Context: Elderly patients may have limited ability to read and comprehend medical information pertinent to their health.
Objective: To determine the prevalence of low functional health literacy among community-dwelling Medicare enrollees in a national managed care organization.
Design: Cross-sectional survey.
Setting: Four Prudential HealthCare plans (Cleveland, Ohio; Houston, Tex; south Florida; Tampa, Fla).
Participants: A total of 3260 new Medicare enrollees aged 65 years or older were interviewed in person between June and December 1997 (853 in Cleveland, 498 in Houston, 975 in south Florida, 934 in Tampa); 2956 spoke English and 304 spoke Spanish as their native language. MAIN OUTCOME MEASURE; Functional health literacy as measured by the Short Test of Functional Health Literacy in Adults.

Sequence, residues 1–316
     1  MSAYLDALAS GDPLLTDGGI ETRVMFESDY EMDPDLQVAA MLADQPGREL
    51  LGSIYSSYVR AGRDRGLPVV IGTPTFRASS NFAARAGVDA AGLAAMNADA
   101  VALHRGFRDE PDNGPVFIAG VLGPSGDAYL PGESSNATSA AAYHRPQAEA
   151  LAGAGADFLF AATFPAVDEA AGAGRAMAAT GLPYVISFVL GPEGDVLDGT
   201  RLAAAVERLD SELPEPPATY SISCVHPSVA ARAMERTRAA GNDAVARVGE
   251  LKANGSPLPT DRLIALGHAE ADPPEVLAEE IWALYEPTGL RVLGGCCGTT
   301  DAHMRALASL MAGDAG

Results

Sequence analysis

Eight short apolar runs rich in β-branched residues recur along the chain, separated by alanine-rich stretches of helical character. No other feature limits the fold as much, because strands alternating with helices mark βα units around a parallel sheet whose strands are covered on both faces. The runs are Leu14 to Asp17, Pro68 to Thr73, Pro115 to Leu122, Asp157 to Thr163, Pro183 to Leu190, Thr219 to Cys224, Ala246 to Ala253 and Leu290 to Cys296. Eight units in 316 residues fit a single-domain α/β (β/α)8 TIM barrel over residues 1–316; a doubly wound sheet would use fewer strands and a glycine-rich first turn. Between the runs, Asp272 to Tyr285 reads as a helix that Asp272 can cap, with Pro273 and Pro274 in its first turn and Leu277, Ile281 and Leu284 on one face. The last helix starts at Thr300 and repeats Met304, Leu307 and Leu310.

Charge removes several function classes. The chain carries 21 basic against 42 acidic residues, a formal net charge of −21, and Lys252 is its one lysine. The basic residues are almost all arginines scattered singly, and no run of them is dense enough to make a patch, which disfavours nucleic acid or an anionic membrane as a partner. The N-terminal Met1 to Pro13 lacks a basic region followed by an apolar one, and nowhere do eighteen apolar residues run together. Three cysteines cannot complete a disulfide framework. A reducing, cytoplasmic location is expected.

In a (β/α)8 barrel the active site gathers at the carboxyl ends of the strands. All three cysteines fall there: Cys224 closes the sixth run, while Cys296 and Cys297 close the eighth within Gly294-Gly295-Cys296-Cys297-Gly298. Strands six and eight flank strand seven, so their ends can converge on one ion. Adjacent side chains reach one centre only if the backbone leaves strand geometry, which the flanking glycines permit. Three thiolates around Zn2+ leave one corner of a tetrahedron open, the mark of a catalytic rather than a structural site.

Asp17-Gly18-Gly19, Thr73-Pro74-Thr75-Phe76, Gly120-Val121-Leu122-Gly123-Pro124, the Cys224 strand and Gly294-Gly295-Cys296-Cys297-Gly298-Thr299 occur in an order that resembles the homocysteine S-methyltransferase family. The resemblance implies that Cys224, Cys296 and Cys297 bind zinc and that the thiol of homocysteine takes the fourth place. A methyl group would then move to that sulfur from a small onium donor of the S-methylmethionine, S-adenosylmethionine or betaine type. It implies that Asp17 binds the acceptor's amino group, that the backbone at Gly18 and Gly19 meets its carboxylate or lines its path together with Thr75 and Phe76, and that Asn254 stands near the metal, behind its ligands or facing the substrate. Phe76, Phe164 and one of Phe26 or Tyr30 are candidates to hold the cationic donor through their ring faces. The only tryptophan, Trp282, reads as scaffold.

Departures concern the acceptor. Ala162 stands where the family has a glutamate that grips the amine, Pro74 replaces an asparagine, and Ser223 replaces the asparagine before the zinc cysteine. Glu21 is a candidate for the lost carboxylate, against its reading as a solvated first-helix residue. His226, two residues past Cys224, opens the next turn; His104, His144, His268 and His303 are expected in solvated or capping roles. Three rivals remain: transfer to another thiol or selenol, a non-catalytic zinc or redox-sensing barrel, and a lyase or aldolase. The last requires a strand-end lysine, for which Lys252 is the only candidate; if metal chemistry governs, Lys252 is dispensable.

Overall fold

Results: Overall, 33.9% of English-speaking and 53.9% of Spanish-speaking respondents had inadequate or marginal health literacy. The prevalence of inadequate or marginal functional health literacy among English speakers ranged from 26.8% to 44.0%. In multivariate analysis, study location, race/language, age, years of school completed, occupation, and cognitive impairment were significantly associated with inadequate or marginal literacy. Reading ability declined dramatically with age, even after adjusting for years of school completed and cognitive impairment. The adjusted odds ratio for having inadequate or marginal health literacy was 8.62 (95% confidence interval, 5.55-13.38) for enrollees aged 85 years or older compared with individuals aged 65 to 69 years.
Conclusions: Elderly managed care enrollees may not have the literacy skills necessary to function adequately in the health care environment. Low health literacy may impair elderly patients' understanding of health messages and limit their ability to care for their medical problems.